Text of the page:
Chotto Matte has been right at the top of my list for a long while now, but when your favourite restaurant serves similar food at the same price just a few streets over, it’s easy for it to just stay at the top of that list.
Yes, I am aware that Chotto Matte and Roka serve *different cuisines*, namely Nikkei-Peruvian versus Japanese, BUT the menus have more similarities than they do differences, with sushi & sashimi, tempura, gyoza, robata grill dishes and my beloved black cod and miso aubergine all featured.
However, I recently decided to take the plunge.
Chotto Matte is run by the infamous ‘Nikkei Boys’, executive head chef Jordan Sclare and head chef Michael Paul.
Despite having heard mixed reviews (which only added to the prolonging), with Jordan having formerly been head chef at Nobu, Aqua Kyoto, Buddha Bar and Park Lane, I should have had more faith.
The restaurant is enormous, spread over three floors with a unique décor unlike any I’ve experienced, featuring a whole lot of black and signature graffiti murals.
The ground floor consists of a vast & vibey bar with a UV-illuminated mural backdrop created by Tokyo-based graffiti artist Houxo Que.
Perfect for pre- or post-dinner drinks.
The upper levels house the a la carte restaurant and showcase further graffiti created especially for the restaurant by London graffiti artist, Tom Blackford.
The graffiti succeeds in being the focal point of all your attention as the only injection of colour in an otherwise wholly black room, with black marble floors and black painted ceilings.
The open robata grill enhances the sense of theatre and aids the restaurant in achieving a “mix of a contemporary urban environment, spectacle and great cuisine”.
We started the evening as all the best ones do, with bubbles, ‘Besserat De Bellefon Grand, Tradition Brut, NV France’ (£60.00).
The cassava and sweet potato chips, yellow tomato salsa, guacamole (£4.80) were really yum. Imagine the best bits of a bag of vegetable crisps paired with fresh, creamy, light guac.
Next came the Nikkei gyoza (5pcs), which are pork, prawn and cassava dumplings served on aji amarillo, sweet potato puree (£9.95).
The gyoza were sensational, with the dumpling texture the perfect balance between doughy and lightly crispy, and the filling generous, juicy and flavoursome.
The warm beef tataki, smoked aji panca, pear, passion fruit salsa (£14.95) was another winner.
The beef was incredibly tender and, though the salsa was rather sweet and may therefore not be to everyone’s taste, I really enjoyed it.
Then came ma favourite taiiiime, sushi taime.
The 6-piece sashimi of tuna, sea bass, salmon (£14.50) was distinctly average, with the salmon buttery soft, but the tuna a little on the tough side and the sea bass chewy and flavourless.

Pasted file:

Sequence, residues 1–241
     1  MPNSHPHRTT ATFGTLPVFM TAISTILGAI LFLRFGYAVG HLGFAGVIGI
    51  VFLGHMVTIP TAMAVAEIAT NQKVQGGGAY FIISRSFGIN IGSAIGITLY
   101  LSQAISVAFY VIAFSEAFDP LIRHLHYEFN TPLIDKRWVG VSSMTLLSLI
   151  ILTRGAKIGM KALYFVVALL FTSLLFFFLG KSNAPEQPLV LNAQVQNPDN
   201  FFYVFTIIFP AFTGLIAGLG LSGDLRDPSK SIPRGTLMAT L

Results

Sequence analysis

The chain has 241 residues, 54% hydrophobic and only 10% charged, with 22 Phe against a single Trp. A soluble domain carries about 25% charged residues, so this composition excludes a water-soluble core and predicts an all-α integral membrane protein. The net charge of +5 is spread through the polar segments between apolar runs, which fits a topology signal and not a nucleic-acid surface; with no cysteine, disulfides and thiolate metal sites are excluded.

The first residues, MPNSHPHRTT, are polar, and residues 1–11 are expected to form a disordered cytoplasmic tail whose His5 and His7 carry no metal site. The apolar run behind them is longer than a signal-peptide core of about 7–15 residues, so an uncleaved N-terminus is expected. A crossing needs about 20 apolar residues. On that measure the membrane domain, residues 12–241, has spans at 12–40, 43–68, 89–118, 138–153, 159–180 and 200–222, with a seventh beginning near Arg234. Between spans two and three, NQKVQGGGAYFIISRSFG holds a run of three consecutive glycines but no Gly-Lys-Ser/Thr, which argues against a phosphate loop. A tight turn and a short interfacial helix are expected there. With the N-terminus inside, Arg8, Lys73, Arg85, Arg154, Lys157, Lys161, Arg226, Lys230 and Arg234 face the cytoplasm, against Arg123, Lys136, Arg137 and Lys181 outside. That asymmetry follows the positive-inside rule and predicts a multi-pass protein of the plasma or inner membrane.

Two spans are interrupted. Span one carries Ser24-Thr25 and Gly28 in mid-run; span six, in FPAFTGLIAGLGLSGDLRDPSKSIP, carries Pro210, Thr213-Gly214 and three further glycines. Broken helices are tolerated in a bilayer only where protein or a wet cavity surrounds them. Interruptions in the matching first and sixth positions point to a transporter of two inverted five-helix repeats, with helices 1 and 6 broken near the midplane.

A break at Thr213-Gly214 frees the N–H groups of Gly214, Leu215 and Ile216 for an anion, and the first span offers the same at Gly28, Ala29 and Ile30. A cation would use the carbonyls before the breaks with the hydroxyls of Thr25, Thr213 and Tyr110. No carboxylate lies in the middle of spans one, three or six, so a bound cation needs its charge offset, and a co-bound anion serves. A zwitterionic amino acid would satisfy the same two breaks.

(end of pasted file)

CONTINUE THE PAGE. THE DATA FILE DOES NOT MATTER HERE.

Though the presentation was nice, I think the fish would have benefited from being served less chilled.
The Nikkei sashimi of yellowtail, cherry tomatoes, jalapeno, coriander, yuzu truffle soy (£13.95) was however much better.
The yellowtail was thick and super soft, and was complemented very well by the fresh flavours.
That said, it wasn’t as good as my favourite raw fish dish at Roka, yellowtail sashimi with yuzu truffle dressing, of which the simple combination of just yellowtail and rich yuzu truffle quite literally brings tears of joy to my eyes.
Photo borrowed from the fabulous Elle Bloggs
The Sake dragon roll (8 pcs), salmon, avocado (£12.25) was delicious.
A generous-sized roll filled with plentiful salmon and topped with very ripe, creamy avocado; it was definitely one of the highlights for me.
Sadly, the wild prawn tempura, huacatay, butter ponzu (£15.20) was a real let down.
For such a price I had been expecting tiger prawns, whilst the flavour and texture of these smaller prawns was completely lost in the slightly soggy batter.
It was salvaged somewhat by being smothered in distracting sauces, but in my eyes a good prawn tempura allows the delicate flavour of the prawns to shine and should only be paired with a mild dipping sauce.
Our lamb chops, coriander, Peruvian chili miso (£8.20 per chop) were good, if not a little chewy, but I really loved the light, fresh, tangy marinade which they were bathed in.
Last, but certainly not least, two of my absolute favourite dishes in the whole wide world.
The black cod, yellow chili miso (£24.95), was delicious. A good portion for its price, it’s a shame that it was ever so slightly overdone, but that didn’t stop me from relishing every mouthful.
As for the aubergine miso, apricot, puffed soba, sesame seeds (£9.95), my high expectations for this dish probably exacerbated my disappointment, since it wasn’t bad, it just wasn’t nearly as good as it could have been.
The aubergine skin had not been crisped at all so the texture of the whole plate was very soft, and the miso and apricot combination sickly sweet.
Still, it was by no means bad.
In short? Cool surroundings, a buzzing vibe, very good food and surprisingly poor service.
I would go back, but mainly to try more of the Peruvian versus Nikkei dishes (which I think are served better just around the corner), and I hear exceptional things about their desserts… so who knows, Chotto Matte Take 2 might occur sooner than expected.